Robert Wm. Gomez's

The Killer Is on the Phone (7/10)

Not that it matters, but the title of this film has nothing to do with what happens on the screen. There are maybe two seconds where we see the killer on the phone but it is just a throwaway moment. I wanted wicked taunts and heavy breathing! I assume the Italian producers were just trying to cash in on a 70s telephone-based murderer craze? In any event, this is a mystery thriller which is pretty light on the thrills and very heavy on the talky bits. Despite this abundance of dialogue, Telly Savalas is underutilized having maybe three lines.

Rage on PC (5/10)

Going Down to Brown Towne

Oh, how the mighty have fallen. This game is the epitome of bland first person shooters and Id Software should know better. They still seem not to know that there are colors beyond brown. There are no attempts at originality here. The post-apocalyptic setting is like a colorless, un-fun Borderlands. The barely-there plot is a rehash of the Fallout fish out of water structure.

The Cosmic Computer by H. Beam Piper (7/10)

Pulpy science fiction about a remote planet on which the inhabitants are convinced exists a super-computer that could solve all their problems. The characters search for it, and, in the process, build a thriving planetary economy.

The Last Jedi (8/10)

I went into this having avoided the trailers or anything that could potentially spoil this for me. Despite its flaws I really liked The Force Awakens and was excited to see the story continue. For the most part I enjoyed The Last Jedi, but the plot was extremely clunky. There's a whole section where Fin and annoying girl go to space Monte Carlo and rescue space horses. The entire fin plotline could be removed from the movie without consequence.

Grave of the Fireflies (7/10)

This classic Studio Ghibli cartoon is about the horrors of war. But it's really more about the horrors of a teenager who is too much of a stubborn jerk to get help for himself and his toddler sister.

To Build a Castle: My Life as a Dissenter by Vladimir Bukovsky (7/10)

A memoir of what living in The Soviet Union was like in the 60s and 70s. Bukovsky spent most of that time in prison camps and mental institutions. His big contribution was exposing the use of psychiatric evaluations to label dissenters as mentally unfit for trial. Despite being the harrowing nature of his predicaments, he makes it seem like routine daily life in the U.S.S.R.

Seven Chances (8/10)

I've never actually seen a Buster Keaton movie until this. Holds up very well and has some great scenes of Buster trying to outrun boulders and a mob of angry brides.

Room (8/10)

This starts as an engaging thriller and then tricks you by turning into a teary drama. A lot of the movie relies on an underwear-clad child actor and Brie Larson's zits. Both do outstanding work.

Free Fire (7/10)

This was a movie that I really wanted to see. It's directed by Ben Wheatley, who made the gangster-hybrid stunner, Kill List. The premise is great: a gun deal goes bad in the first fifteen minutes of the film and what follows is one gigantic standoff with bullets flying and dialogue shouted from behind cover. Unfortunately, it doesn't quite live up to expectations. The characters aren't particularly interesting and neither is their cross-talk. In the hands of Tarantino this could have been a masterpiece.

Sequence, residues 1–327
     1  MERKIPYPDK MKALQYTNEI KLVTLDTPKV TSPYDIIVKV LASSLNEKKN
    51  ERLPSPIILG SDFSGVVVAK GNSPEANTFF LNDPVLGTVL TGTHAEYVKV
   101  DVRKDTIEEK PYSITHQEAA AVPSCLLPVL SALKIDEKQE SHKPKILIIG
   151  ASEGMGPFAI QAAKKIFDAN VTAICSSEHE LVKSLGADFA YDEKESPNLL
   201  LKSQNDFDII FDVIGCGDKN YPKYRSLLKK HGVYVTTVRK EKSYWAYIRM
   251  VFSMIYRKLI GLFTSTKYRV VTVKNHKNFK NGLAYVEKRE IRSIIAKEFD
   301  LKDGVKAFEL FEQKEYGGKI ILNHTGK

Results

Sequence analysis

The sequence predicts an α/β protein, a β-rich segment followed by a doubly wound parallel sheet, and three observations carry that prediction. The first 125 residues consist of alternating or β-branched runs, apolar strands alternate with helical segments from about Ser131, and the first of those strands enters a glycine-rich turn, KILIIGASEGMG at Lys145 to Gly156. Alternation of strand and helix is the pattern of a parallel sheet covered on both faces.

Arrival (7/10)

A sci-fi film about a bunch of space squids that communicate with coffee rings. Another blockbuster that steals plot elements from "The Demon with a Glass Hand" episode of The Outer Limits.

Journey to the West: The Demons Strike Back (6/10)

This would have been much better if it were just a cartoon instead of this live-action/CGI mess. There are tons of original visual ideas but the execution just looks stupid. Why in Buddha's name would you CGI a monkey face when a rubber mask would look a zillion times more realistic? Still, there are some fun moments between the incoherent plot points. Nothing will match the opening twenty minutes of the first Journey to the West.

Una Farfalla Con Le Ali Insanguinate by Gianni Ferrio (6/10)

Format: 
CD

I bought this knowing neither the composer nor the movie. It was cheap and had an interesting cover... never a good metric for making a music purchase. For the most part this is an okay soundtrack, but is lacking the off-kilter dissonance of other Italian soundtracks of the time. I thinks it's a little too piano-heavy for my tastes and main title sounds a bit too much like the theme song from The Young and the Restless.

The Heroic Ones (5/10)

This Shaw Brothers kung-fu swordsman epic is a bit of an overly long mess. The "heroic" characters are kinda jerks who deserve what's coming to them. The film is most noteworthy for its bloody drawing and quartering scene. Expands finger painting to a whole new level:

The Heroic Ones - Quartering Scene

The Secret History of Twin Peaks by Mark Frost (6/10)

I listened to the audiobook version which features many of the original cast members reprising their roles. The book itself is somewhat of a disappointment and cheapens the mystery of the series by dwelling way too much on U.F.O.s and L. Ron Hubbard. If you are looking for answers, this ain't the place.

The Texas Chainsaw Massacre (9/10)

As much as I like horror, I am woefully unfamiliar with many of the classics of the genre. Amazon was offering this one for free so I finally made time to see it not really knowing what to expect. It's definitely not the gore-fest that the title would imply, but the off-camera suggestion of violence is pretty disturbing; especially in the matter-of-fact  in which the killer commits his acts. The movie suffers from some amateurish performances and limited character development, but otherwise holds up incredibly well and provides some genuinely creepy moments.